Tuesday, February 14, 2006

Happiness and wellbeing in Australia: some dodgy analysis

There was a bit of a flurry in the media and the Aussie blogosphere yesterday with the publication of the latest "Australian Wellbeing Index", which for the first time compares happiness across Australian federal electorates.

Comparing anything between geographical areas always brings out our latent tribalism, parochialism and schadenfreude.

The (Melbourne based) Age crowed:
VICTORIA is the happiest state in Australia and some of its most contented people live in Melbourne's wealthiest suburbs.
while the Sydney Morning Herald lamented:

IS IT aircraft noise, John Howard's long reign, or being overworked and underpaid that makes the so-called chardonnay socialists of Sydney's inner west the most disgruntled people in Australia?

A new survey that compares the wellbeing of people in all 150 federal electorates reveals the safe Labor seat of Grayndler… tops the national list for all-round unhappiness.

Here’s my guess: it’s not aircraft noise, John Howard or being overworked. In fact, I doubt whether Sydney residents are disgruntled at all – it’s just the way the survey is compiled. Here’s a clue in the SMH article:

The scorecard, known as the Australian Unity Wellbeing Index, is based on how satisfied people feel with seven areas of their life - standard of living, health, relationships, what they are achieving in life, safety, community connection and future security.

It shows the happiest electorates tend to have a lower population density, a high proportion of people over 55, more females, more married people and less income inequality. Importantly, they have a strong sense of "connection to their community".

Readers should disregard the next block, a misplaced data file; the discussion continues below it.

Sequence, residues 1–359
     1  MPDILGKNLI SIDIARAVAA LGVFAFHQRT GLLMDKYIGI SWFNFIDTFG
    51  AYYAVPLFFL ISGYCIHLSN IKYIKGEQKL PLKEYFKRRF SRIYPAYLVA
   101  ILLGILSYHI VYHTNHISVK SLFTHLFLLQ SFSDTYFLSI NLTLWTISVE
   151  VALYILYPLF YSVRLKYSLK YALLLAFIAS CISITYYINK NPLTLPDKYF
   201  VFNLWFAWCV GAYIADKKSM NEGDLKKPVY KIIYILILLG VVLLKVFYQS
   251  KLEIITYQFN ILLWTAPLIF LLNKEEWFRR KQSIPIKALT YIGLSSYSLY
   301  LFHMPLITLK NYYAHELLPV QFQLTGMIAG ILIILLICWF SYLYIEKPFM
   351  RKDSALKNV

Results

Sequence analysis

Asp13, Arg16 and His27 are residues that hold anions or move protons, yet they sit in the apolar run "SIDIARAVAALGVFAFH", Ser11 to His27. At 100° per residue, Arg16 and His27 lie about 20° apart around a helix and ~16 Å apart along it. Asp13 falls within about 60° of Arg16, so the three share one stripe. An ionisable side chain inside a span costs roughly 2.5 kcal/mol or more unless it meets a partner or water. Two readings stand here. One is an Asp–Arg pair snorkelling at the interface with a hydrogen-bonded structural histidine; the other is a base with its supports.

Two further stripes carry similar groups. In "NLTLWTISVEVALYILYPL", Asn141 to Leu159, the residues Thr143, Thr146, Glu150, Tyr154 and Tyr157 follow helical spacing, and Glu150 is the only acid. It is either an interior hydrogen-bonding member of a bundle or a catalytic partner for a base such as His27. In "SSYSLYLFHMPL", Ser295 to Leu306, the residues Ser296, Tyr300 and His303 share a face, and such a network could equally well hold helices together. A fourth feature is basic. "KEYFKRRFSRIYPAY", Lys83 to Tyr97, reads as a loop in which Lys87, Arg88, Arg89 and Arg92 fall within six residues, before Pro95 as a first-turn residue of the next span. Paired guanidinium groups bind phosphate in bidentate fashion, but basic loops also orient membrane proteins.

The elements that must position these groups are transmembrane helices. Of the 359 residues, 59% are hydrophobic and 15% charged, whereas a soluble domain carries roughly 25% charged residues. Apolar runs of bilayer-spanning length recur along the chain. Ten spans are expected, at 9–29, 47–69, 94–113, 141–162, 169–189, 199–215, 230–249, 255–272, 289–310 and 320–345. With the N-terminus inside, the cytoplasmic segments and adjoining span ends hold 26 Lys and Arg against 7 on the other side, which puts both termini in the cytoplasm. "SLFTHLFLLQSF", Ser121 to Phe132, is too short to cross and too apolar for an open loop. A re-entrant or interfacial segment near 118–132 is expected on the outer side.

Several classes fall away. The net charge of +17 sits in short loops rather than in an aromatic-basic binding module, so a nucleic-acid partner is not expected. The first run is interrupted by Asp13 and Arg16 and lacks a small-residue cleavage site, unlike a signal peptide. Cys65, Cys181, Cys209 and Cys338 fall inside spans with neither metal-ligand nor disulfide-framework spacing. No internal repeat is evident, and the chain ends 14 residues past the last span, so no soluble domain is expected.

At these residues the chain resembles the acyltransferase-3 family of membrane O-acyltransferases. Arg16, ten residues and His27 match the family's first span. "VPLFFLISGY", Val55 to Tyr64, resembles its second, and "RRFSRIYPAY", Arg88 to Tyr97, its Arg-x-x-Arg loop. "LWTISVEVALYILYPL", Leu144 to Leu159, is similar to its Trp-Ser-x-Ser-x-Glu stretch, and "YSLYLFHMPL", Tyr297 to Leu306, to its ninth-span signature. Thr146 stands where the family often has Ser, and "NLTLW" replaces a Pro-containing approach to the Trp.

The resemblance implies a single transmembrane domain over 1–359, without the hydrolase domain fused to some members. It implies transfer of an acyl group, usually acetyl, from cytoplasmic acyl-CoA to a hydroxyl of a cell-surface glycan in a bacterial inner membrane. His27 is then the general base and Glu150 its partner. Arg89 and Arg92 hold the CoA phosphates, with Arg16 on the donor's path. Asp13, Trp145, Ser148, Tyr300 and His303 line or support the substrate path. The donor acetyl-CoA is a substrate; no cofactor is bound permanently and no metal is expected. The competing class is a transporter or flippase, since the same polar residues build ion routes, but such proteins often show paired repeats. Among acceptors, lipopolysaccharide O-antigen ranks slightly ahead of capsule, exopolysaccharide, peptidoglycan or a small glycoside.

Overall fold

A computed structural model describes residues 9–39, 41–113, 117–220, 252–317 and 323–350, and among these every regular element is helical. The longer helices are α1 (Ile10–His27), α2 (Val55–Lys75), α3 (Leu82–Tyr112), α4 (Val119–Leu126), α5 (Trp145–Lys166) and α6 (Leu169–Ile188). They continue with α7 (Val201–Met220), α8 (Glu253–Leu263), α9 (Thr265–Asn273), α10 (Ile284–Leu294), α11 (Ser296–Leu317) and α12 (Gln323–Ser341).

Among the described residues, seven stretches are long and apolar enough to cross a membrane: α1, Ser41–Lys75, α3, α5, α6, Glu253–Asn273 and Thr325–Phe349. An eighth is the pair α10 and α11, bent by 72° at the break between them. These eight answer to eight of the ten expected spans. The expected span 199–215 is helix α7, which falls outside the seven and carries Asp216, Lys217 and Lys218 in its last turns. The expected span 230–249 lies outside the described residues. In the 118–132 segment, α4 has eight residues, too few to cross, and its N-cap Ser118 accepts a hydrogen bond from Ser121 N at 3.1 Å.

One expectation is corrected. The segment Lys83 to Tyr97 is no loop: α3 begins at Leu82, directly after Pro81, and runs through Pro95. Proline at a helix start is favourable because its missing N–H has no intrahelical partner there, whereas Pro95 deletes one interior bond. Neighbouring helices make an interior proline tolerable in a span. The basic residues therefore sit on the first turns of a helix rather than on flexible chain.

Hm. An index that rates people’s happiness based partly on ‘community connection’ then finds that happy people tend to have a strong sense of ‘connection to their community’.

If we actually have a look at the report on the index itself, we see why that might be.
Subjective wellbeing is measured by the Personal Wellbeing Index. This comprises seven questions that ask "How satisfied are you with ------>?" The specific items people rate are their standard of living, health, relationships, what they are achieving in life, safety, community connection, and future security. The numerical rating scale offers 11 choices from 0 (completely dissatisfied) to 10 (completely satisfied). The PWI is the average rating across the seven items (domains).

There’s the rub. The index arbitrarily decides the 7 things that makes us happy and weights them equally. So there’s a big danger of circular reasoning: we decide that community connection contributes to 1/7th people’s happiness, so we ask them about how happy they are with their level of community connection. Then we tally up the results and, wow, people who rate their levels of community connection satisfaction low tend to be 1/7th less happy.

Here’s a suggestion. People in the inner city of Sydney don’t care too much about connection with community, at least in the traditional sense of having a chat to your neighbours over the back fence. If they did, they wouldn’t live in a fairly anonymous city of 5 million people. But the study decides that, for everyone in the country, community connection makes up one-seventh of our happiness.